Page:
The ITHS Community Engagement program is committed to facilitating community-academic research partnerships in eastern Washington, Wyoming, Alaska, Montana and Idaho (WWAMI) that are true collaborations. We aim to increase community involvement in every stage of research. We promote research that will address priorities and health outcomes in the communities and practices we work with, and support these communities in becoming more engaged and savvy about research.
We work to understand the translational research interests, strengths and needs in the WWAMI region so that we can effectively facilitate multi-directional collaboration and exchange between academic, clinical, community-based organizations, and patients, and help support the development of a vibrant translational research community.
All ITHS programs interact with regional constituents in significant ways, but the Community Engagement Program focuses on:
The ITHS and the Community Engagement Program meet its goals through:
Dr. Cole is an Assistant Professor in Family Medicine in the Research Section and a practicing family physician. Dr. Cole’s research focuses on primary care practice-based research and systematic approaches to reducing cancer screening disparities. Prior to joining the department she practiced at a Community Health Center in the Seattle area for almost five years and then completed a two-year NRSA Primary Care Research Fellowship.
Linda Ko, PhD, is the director of the Health Communication Research Center (HCRC). She is a behavioral scientist with expertise in the development, testing, and evaluation of health communication strategies. Her work draws from the discipline of communication, marketing, social epidemiology, and social and behavioral sciences. Her research aims to understand community’s behavior within the socio-cultural context, develop interventions that will address those behaviors and translate knowledge through community-based participatory research.
Dr. Baldwin is Co-Director of the ITHS Regional Collaborations Program, is a Professor in the University of Washington Department of Family Medicine, and is a Senior Investigator in the University of Washington’s Rural Health Research Center. She has developed and is the Director of the WWAMI-region Practice and Research Network (WPRN). This practice-based research network has more than 35 primary care clinics in the five-state WWAMI region. A subset of 17 of these clinics participate in a data-sharing infrastructure (Data QUEST) that leverages their electronic health record data. Dr. Baldwin is also a practicing family physician with strong ties to teaching programs in the WWAMI states. Dr. Baldwin’s research focuses on access to and quality of health care in diverse underserved and rural areas.
Ms. Keppel is a Research Scientist in the University of Washington Department of Family Medicine. She possesses more than 10 years of experience as a study coordinator and data analyst. She is the primary contact for the WWAMI region Practice and Research Network (WPRN) Coordinating Center. For the last five years, she has supported the development of the WPRN and its research infrastructure, and continues to work closely with the WPRN and regional partners to engage clinical practices in research. Ms. Keppel is also part of the Data QUEST team and facilitates Data QUEST projects with WPRN member sites.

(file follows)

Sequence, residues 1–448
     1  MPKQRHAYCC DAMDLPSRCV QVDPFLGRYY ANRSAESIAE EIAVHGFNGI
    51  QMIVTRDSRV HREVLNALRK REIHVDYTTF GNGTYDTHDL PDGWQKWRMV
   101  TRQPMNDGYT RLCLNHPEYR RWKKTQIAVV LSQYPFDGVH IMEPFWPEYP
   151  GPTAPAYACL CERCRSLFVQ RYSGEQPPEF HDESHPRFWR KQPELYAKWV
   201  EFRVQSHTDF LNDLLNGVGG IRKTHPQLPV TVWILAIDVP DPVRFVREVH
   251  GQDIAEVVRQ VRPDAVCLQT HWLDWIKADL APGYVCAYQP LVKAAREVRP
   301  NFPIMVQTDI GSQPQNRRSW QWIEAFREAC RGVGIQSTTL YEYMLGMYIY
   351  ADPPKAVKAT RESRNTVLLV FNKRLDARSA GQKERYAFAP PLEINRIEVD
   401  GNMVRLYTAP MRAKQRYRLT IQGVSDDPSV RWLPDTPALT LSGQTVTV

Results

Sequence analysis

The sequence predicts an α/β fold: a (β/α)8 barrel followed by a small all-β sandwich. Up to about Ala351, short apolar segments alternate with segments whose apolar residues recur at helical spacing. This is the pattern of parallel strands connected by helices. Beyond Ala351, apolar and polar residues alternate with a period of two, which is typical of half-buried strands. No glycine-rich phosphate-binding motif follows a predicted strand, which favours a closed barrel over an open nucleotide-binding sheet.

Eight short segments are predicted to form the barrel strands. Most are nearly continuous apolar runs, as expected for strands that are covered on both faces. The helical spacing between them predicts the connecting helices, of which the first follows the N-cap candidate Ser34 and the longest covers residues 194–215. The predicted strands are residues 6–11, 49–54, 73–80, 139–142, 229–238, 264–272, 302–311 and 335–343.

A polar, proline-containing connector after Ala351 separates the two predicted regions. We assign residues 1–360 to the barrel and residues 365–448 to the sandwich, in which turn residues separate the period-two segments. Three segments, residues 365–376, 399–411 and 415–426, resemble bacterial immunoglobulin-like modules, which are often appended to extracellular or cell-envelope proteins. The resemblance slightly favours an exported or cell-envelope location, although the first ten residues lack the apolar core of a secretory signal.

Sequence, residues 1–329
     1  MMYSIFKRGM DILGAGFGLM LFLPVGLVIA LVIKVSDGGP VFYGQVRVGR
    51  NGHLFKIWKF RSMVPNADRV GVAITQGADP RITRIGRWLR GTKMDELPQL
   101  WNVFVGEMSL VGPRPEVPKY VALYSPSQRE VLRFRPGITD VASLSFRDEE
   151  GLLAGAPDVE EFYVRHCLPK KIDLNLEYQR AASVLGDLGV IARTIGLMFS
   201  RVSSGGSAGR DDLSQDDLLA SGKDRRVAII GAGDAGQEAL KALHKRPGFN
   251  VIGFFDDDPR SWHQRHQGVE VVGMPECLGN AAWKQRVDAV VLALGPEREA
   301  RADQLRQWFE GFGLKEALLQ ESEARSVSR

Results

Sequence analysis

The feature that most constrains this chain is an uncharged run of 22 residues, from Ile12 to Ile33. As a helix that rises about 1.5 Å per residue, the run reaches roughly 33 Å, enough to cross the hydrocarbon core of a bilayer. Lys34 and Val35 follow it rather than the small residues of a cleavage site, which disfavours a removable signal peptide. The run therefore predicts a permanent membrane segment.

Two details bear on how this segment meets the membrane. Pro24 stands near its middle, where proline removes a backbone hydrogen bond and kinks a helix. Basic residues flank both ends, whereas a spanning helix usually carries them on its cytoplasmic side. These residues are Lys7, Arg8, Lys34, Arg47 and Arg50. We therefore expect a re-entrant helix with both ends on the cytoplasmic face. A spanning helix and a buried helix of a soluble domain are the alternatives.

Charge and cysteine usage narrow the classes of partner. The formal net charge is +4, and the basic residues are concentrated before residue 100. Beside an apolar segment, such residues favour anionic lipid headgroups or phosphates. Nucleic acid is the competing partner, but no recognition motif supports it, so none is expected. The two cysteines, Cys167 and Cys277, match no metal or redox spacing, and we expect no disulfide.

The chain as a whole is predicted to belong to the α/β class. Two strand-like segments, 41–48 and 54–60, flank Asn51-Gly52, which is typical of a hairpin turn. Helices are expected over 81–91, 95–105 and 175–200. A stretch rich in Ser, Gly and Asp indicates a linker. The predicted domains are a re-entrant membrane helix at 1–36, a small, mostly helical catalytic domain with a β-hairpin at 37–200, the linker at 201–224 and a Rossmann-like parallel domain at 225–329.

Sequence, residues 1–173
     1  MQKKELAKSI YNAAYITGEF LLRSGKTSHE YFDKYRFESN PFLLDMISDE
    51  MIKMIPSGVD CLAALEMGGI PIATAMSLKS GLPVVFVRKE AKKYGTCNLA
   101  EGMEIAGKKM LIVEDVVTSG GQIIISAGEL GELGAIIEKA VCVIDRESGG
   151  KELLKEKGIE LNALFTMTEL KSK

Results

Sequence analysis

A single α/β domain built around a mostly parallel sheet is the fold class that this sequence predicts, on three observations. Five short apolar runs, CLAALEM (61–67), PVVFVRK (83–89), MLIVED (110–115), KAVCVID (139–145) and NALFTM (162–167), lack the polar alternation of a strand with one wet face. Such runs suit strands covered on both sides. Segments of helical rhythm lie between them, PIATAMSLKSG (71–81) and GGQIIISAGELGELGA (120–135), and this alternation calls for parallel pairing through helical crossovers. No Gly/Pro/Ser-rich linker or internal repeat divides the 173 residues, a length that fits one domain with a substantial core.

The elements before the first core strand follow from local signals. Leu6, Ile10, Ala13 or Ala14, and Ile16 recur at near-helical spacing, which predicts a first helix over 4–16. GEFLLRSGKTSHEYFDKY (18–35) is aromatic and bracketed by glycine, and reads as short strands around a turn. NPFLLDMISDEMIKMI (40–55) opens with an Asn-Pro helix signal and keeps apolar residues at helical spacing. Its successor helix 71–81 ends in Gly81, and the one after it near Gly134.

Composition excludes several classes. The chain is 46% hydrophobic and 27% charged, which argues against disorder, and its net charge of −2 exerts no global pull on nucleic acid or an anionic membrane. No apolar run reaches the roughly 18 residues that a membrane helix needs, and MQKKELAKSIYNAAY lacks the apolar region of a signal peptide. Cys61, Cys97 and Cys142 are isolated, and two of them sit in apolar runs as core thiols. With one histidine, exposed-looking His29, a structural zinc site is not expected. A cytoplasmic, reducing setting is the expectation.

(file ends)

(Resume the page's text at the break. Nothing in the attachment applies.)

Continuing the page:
Dr. Larson is the Executive Director of the Group Health Research Institute and was formerly the Medical Director of the University of Washington Hospital. Dr. Larson understands the challenges of conducting research from both the UW and community perspectives. He has led the Society of General Internal Medicine, the Joint Commission on Accreditation of Healthcare Organizations, and the American College of Physicians Board of Regents. His research interests range from Alzheimer’s disease to technology assessment and quality improvement.
Ms. Ridpath has more than seven years of experience helping health researchers and other health care professional improve the readability and format of print and web-based materials. She is the lead writer, editor, and trainer for the Program for Readability In Science & Medicine (PRISM), a plain language initiative founded at Group Health Research Institute in 2005. With support from ITHS, Ms. Ridpath developed PRISM Online Training, a free, Web-based plain language tutorial for researchers that launched in October 2010.
Ms. Temposky is a Research Project Manager at the Group Health Research Institute with extensive experience in managing complex, transdisciplinary research projects. She currently works closely with the Hispanic Community Liaison to connect the Hispanic community with researchers. Her experience includes projects in women’s health, energetics, and cancer research. Ms. Temposky’s interests lie in public administration, health policy, and their relevance in addressing health disparities in minority communities.
Squaxin Island Tribe Professor Whitener is Assistant Director of the UW Native American Law Center (NALC), and consults with communities and researchers on data dissemination and publication issues, research regulation, and tribal sovereignty. He teaches the UW’s Tribal Public Defense Clinic, a clinical course representing low-income Natives in criminal cases and teaches various courses in the field of Indian and health law. He provides research regulation expertise to ITHS community outreach core’s Locally Controlled Data QUEST pilot project.
The first two hours of consultation are free with an additional 10 hours if Community Engagement personnel will be included in grant applications. Consultation costs and effort percentages are negotiable and are subject to the availability of personnel and resources.
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